New York teachers  are vowing to protest in the wake of Mayor Bloomberg’s plan to layoff thousands of educators.
"Mr. Mayor, it’s not going to happen, and enough is enough!" shouted Michael Mulgrew, president of the United Federation of Teachers, as he whipped up a roaring crowd at the UFT’s spring conference in midtown New York.
A ballroom-full of educators rose to their feet, clapping and chanting, "Enough is Enough."
A surprise guest, Wisconsin State Sen. Jon Erpenbach, the man who led 13 fellow lawmakers out-of-state in order to block Gov. Scott Walker’s anti-union legislation, received a standing ovation from the crowd.
The UFT, along with many other unions, plan to draw tens of thousands of supports for the May 12 march  from City Hall and other sites to Wall Street to oppose Bloomberg’s cuts and demand the big banks start paying their fair share.
In Pottstown, Pennsylvania, a crowd of more than 100 parents, students, and teachers filled the middle school auditorium to protest budget cuts aimed at music, arts, the library, and physical education. 
Speaker after speaker championed the academic, social and developmental benefits of the arts, including Sally House, a longtime music teacher in the district whose retirement was approved by the board the same night.
"Pottstown has a longstanding tradition of excellence in its music program," said House, who is currently the chairwoman of the music department. "to expect the music department will be able to serve all of our students with the equivalent of possibly three fewer teachers is absolutely ludicrous," she said.
"It would be like taking a tree and cutting off its roots and expecting it to grow," House added. "Don't give them less than they have now. So many of them already have less."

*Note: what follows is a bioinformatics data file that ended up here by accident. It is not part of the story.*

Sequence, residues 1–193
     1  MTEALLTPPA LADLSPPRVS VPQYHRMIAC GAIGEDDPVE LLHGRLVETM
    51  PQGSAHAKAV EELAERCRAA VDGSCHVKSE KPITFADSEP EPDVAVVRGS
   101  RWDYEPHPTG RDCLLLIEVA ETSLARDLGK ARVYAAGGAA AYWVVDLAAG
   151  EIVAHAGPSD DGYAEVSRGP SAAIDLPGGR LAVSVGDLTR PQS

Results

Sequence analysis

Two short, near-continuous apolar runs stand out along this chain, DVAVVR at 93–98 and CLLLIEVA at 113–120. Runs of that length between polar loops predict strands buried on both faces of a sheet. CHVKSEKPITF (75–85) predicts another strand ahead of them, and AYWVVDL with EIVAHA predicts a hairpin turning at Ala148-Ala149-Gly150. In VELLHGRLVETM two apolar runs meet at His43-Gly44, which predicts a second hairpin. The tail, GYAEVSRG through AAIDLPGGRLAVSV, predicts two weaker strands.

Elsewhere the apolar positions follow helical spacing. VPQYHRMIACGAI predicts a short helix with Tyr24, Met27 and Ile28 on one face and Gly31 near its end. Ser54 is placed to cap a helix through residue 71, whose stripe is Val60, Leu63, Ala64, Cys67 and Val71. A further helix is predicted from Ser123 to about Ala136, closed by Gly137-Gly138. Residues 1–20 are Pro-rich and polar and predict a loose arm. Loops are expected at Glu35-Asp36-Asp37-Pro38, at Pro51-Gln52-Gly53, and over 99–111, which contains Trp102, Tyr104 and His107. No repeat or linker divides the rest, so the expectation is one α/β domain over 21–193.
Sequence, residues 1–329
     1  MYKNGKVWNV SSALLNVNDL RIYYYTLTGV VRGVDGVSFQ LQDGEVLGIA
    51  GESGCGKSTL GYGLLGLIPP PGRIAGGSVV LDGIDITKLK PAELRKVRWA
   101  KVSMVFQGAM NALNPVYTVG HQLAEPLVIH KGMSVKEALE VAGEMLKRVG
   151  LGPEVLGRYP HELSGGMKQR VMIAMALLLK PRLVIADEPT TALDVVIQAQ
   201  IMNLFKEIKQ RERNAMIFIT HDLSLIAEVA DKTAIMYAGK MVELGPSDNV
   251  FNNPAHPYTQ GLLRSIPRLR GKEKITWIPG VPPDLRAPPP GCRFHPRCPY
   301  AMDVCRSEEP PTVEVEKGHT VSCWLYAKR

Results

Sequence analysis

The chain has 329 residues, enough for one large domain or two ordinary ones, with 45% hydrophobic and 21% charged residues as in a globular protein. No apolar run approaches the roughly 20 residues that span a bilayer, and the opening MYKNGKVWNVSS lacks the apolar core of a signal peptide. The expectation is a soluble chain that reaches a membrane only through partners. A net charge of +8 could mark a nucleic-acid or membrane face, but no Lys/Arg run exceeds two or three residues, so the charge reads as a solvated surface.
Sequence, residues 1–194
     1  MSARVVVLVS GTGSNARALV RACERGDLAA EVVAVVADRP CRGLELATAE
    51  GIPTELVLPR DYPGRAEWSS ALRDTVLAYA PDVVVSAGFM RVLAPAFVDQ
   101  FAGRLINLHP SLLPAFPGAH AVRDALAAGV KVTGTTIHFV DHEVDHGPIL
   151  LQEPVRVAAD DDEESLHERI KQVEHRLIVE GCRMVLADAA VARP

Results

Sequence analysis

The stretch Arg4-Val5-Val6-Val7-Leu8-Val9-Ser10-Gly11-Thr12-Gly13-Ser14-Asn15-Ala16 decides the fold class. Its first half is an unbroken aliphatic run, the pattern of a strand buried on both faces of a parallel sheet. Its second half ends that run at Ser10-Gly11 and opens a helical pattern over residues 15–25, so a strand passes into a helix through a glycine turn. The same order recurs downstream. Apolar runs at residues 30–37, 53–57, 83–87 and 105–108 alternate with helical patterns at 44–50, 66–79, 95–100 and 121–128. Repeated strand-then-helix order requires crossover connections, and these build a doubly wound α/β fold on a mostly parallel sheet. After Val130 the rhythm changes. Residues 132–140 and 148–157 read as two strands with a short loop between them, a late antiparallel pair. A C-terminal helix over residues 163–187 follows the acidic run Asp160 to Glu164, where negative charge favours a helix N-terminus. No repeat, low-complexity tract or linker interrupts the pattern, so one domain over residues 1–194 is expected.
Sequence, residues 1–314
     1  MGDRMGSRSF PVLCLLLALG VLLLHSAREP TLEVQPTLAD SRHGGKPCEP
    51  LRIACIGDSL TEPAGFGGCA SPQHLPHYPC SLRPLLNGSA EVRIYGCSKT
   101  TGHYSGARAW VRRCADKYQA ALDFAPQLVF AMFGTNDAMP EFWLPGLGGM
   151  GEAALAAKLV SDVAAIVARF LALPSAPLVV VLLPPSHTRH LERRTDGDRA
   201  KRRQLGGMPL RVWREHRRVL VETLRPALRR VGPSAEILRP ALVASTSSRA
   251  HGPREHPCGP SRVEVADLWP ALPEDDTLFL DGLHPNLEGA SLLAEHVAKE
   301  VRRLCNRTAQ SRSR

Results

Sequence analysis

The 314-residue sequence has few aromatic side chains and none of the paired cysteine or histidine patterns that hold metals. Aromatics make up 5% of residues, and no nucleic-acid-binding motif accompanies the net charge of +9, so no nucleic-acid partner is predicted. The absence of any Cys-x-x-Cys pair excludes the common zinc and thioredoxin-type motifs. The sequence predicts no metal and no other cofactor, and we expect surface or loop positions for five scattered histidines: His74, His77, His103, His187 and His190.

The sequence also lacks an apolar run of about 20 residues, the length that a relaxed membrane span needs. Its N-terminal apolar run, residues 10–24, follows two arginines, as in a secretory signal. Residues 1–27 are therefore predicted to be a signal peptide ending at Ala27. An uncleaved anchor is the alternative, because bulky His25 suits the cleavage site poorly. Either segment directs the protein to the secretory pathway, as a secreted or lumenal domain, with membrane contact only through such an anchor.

But perhaps the most moving testimonials came from the students themselves.
Rachel Levengood, a sixth-grade honor student, told the board that "soldiers are fighting for our freedom overseas, and it's a shame we have to fight for our education here in a free land."
Teachers in California are planning a week of action May 9 through 13  to oppose their state’s budget cuts.
Sacramento city leaders got an earful from city workers and educators alike when they announced plans for $39 million  in cuts, which could put 366 jobs on the chopping block.
Meanwhile, many GOP leaders appear to recognize they’ve gone too far in supporting some of the Republican Party’s more extreme plans for austerity.
Sen. Lamar Alexander (R-TN) and Sen. Rob Portman (R-OH) both indicated they’re looking for alternative  to Rep. Paul Ryan’s extremely controversial budget plan to cut and privatize Medicare.
Even the House Speaker distanced himself from Ryan when Boehner called the Congressman’s budget plan just an “idea ,” adding he wasn’t “wedded” to a single budget framework.
Clearly, the GOP is paying attention to these anti-austerity protests and the polls , which strongly indicate voters want to maintain their social services, and especially Medicare.